As a budding journalist/writer these posts aren’t all that pays the bills, if at all. Like so many freelancers, I had a second job in the service industry, serving coffee and sweets, in this case, at Crumbs in Brooklyn. Emphasis on the had. This past Monday, after coming home from a shift, my boss called me to let me know that Crumbs was no more and neither of us had a job.
It happened so suddenly I was shocked, exhilarated even. One retailer who doesn’t appreciate its employees down, a bajillion more to go. For the whole company to go under is one of the most dramatic and epic of ways to lose your job. Not every day does a fellow employee get quoted in The Wall Street Journal.
I would have filed for unemployment immediately, but instead I rushed to the store I knew best to see my former co-workers at their last shift and grab as much stuff as I possibly could haul home.
We had to have a proper sendoff replete with beer, a seasonal ale to remember the summer we all lost our jobs at the same time. We swapped stories of how we found out, not trying to hide our half-finished beers from customers. We worried aloud if Crumbs’ intentions to file bankruptcy would mess with our ability to file unemployment as it had with those at ReBar. But Crumbs had too many employees to pull of that stunt. At least we hoped.
There we were my old co-workers. Also, there were Crumbs bags filled with supplies: toilet paper, paper towels, cupcakes that wouldn’t be sold, all grabbed in order to soothe our unemployment wounds just a little bit. We took everything we could from the store, under the impression that Crumbs can’t pay their debtors back with the loads of unused toilet paper, leftover Starbucks cups and paper towels hidden in every store.
I was even tempted to call my roommates who had a van, so we could take the $3000 espresso machine, but ultimately decided against this. If Crumbs had anything of value at this point it wasn’t the cupcakes, but the heavy-duty espresso machine outfitted in almost every coffee shop, and thus easily unloaded on the black market. For this reason, and this reason alone, my former manager was sure they would miss it and so we left it alone.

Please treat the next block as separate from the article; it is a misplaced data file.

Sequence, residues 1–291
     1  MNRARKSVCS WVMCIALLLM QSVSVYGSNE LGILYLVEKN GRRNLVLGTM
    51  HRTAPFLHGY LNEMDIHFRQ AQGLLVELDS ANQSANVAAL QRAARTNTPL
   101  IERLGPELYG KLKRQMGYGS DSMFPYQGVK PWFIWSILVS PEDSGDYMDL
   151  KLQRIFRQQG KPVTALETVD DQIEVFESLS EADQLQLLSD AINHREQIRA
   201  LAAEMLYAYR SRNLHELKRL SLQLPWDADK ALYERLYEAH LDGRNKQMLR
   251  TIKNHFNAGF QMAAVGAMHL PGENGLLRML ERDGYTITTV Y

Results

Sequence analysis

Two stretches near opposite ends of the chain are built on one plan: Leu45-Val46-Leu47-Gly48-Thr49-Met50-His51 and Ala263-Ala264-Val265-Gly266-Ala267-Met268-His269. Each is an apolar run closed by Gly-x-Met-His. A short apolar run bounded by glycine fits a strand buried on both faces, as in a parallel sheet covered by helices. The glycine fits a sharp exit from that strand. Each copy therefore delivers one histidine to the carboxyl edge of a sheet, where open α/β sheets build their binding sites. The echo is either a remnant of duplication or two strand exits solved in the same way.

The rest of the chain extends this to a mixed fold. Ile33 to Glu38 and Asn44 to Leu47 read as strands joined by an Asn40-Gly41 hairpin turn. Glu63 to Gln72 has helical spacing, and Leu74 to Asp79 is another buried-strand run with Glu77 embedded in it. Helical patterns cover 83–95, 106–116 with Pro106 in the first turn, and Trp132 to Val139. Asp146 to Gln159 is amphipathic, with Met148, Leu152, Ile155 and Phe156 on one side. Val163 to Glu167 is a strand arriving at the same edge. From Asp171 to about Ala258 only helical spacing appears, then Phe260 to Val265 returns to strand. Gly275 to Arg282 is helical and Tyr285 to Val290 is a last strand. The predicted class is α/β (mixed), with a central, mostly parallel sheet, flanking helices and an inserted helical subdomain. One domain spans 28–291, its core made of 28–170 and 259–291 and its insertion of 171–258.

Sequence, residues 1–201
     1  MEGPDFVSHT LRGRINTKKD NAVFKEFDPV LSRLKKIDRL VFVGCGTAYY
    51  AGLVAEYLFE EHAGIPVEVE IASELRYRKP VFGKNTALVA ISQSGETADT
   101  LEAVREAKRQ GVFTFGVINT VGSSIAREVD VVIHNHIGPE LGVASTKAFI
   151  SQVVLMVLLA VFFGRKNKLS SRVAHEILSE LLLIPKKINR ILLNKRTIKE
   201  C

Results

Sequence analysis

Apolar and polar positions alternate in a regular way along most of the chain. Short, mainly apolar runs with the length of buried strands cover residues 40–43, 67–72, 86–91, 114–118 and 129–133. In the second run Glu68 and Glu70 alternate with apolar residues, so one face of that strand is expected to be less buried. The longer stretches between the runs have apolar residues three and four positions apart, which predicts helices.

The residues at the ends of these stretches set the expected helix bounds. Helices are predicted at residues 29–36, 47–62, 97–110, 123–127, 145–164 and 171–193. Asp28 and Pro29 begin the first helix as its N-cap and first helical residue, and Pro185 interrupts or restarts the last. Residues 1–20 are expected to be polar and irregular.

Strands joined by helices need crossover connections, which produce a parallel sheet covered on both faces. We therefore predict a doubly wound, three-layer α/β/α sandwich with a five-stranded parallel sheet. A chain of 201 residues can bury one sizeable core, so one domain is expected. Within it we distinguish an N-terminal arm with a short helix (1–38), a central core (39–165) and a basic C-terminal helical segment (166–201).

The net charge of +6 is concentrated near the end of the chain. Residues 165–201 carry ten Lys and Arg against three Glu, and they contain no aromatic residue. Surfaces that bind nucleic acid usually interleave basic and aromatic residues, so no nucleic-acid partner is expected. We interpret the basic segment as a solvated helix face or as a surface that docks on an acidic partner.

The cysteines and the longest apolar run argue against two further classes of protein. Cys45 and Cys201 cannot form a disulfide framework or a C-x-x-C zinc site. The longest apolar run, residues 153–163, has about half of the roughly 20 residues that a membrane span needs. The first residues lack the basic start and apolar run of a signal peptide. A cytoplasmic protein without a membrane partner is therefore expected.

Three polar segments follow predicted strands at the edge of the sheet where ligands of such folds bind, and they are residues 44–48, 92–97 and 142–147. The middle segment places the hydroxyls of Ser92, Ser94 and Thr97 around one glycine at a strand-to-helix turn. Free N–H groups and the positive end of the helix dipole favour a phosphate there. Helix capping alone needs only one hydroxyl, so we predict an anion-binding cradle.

So here I am bereft of legal employment. Past 30. For all of the Facebook posts of friends talking about how much you’re going to miss Crumbs, nostalgia has a way of changing your actual recollection, because as staff we didn’t need sales projections, we knew from our experience that the stores were not as busy as they used to be. Yet, we were still shocked at how right our predictions would prove to be.
We didn’t all love it there, but there were certainly memories to be had of favorite customers, orders and co-workers. The language of Crumbs will be one I will never forget- Devil’s Food, the Squiggle (which customers mistakenly called The Hostess), Signature size versus classic, a tastepack featuring 12 mini cupcakes that could be yours for only $19.95, hearing “How big is 7’?” without laughing. I’ll also never have my opportunity to yell at the people who told me they “don’t like cream cheese frosting.” Guess what? If you’ve eaten any kind of birthday cake, you’ve eaten cream cheese frosting! And you probably licked the frosting off your fingers, you fake foodie.
The service industry is where I started, but not where I plan on ending. When I can mention my work and not mean espresso, I’ll be sure to remember where I started. Hopefully when I’m not scrapping by on tips for beer money I can walk into any store and feel a sense of camaraderie (or at least empathy) in what it’s like behind the swinging metal doors.
As a writer the only thing I can do now is write my own story. Brooklyn’s too expensive and the rent is too damn high for me to create a story in which I mope around feeling sorry for myself though. I have writing assignments that I used to have to hammer out after a shift that started with me waking up at the crack of dawn, but now I have all day to work on them. Well, I can hammer them out after pounding the pavement for another barista job, at a smaller place that knows a thing or two on how to stay open. Then it’s come back home, use my extra time to submit pitches and copy, and cap my hard efforts with a rousing, soul-soothing beer.